PVC conduit is most commonly used in underground applications, often between the utility transformer and the electrical meter on a property. A lot of times PVC is run through and stubbed up through concrete slabs into locations where walls will later be built.
There is a difference between PVC Pipe and PVC Conduit. Plumbers use pipe, and fill it with pressurized water. The pipe is tested for pressurization, whereas electrical PVC conduit is not tested for pressure or leaks. The intent of PVC conduit is not to hold pressure in, it’s to allow the conductors a safe raceway to live in that minimizes exposure to damage and degradation.
PVC conduit uses glue to hold the ends of adjacent pieces and fittings together. Once set the glue makes it extremely difficult to get two pieces of PVC conduit apart. Especially where primer is used. The benefit of using primer on PVC conduit, before applying glue, is that the primer allows for a reaction to take place which melts the two pieces of PVC together. Creating, essentially a weld. Wheras not using primer, simply sticks one piece to the other. Either way is fine, there are no code stipulations on the use of primer with PVC conduit, however the intent of using PVC is to limit moisture to the conductors as much as possible – especially when using conductors who’s insulation is not rated for exposure to high levels of moisture.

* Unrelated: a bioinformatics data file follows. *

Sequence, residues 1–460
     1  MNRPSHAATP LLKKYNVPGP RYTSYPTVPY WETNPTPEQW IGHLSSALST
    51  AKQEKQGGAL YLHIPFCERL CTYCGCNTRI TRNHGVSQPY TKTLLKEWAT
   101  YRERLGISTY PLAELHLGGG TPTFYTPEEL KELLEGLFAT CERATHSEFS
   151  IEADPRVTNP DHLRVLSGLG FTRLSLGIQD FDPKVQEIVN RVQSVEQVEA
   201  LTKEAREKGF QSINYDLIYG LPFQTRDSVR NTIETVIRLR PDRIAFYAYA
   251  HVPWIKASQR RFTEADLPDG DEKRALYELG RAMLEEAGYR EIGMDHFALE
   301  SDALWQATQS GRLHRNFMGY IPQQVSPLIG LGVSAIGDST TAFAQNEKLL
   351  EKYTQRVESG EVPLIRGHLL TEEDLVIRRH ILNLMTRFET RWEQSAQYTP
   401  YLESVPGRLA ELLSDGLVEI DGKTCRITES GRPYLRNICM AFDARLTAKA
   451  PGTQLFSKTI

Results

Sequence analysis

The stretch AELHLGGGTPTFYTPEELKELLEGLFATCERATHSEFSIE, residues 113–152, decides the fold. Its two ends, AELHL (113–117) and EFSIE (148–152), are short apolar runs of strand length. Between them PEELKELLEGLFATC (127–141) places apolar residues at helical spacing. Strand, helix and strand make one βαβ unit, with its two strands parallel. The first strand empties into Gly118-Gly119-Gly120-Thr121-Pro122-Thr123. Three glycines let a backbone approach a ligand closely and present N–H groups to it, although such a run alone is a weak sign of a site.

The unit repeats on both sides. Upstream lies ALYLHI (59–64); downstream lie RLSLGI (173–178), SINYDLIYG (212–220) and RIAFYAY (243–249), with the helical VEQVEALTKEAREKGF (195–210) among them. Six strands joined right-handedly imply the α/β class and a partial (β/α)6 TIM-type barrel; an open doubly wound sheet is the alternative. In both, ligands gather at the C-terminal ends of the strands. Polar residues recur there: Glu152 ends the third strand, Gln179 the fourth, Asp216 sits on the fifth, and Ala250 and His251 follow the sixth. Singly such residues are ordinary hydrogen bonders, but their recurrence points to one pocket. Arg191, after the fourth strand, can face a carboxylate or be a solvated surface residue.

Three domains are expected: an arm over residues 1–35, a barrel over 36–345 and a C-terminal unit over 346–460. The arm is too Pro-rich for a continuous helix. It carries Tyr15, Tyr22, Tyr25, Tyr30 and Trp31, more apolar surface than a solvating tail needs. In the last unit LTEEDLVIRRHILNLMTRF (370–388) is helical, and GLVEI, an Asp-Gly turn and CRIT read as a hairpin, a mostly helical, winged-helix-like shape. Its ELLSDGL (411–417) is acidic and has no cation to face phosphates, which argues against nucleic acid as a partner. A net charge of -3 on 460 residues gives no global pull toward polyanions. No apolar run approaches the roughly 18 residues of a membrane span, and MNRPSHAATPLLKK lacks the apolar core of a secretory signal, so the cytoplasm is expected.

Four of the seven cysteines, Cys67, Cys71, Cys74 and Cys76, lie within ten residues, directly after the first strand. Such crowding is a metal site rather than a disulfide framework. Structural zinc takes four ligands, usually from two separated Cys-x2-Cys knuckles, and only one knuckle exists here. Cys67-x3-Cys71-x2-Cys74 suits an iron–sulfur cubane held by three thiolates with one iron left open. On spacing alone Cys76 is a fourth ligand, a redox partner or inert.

PVC conduit has similar fittings to all of the other types of conduits (couplings, male and female adaptors, and elbows) however there is an added accessory called an “expansion joint” that is used to help the conduit automatically adjust to wide changes in temperature. PVC conduit is quite flexible when introduced to heat, and if installed on a wall in Texas, it will start to bend and sag over time. Expansion joints aid the conduit in being able to flex in this situation.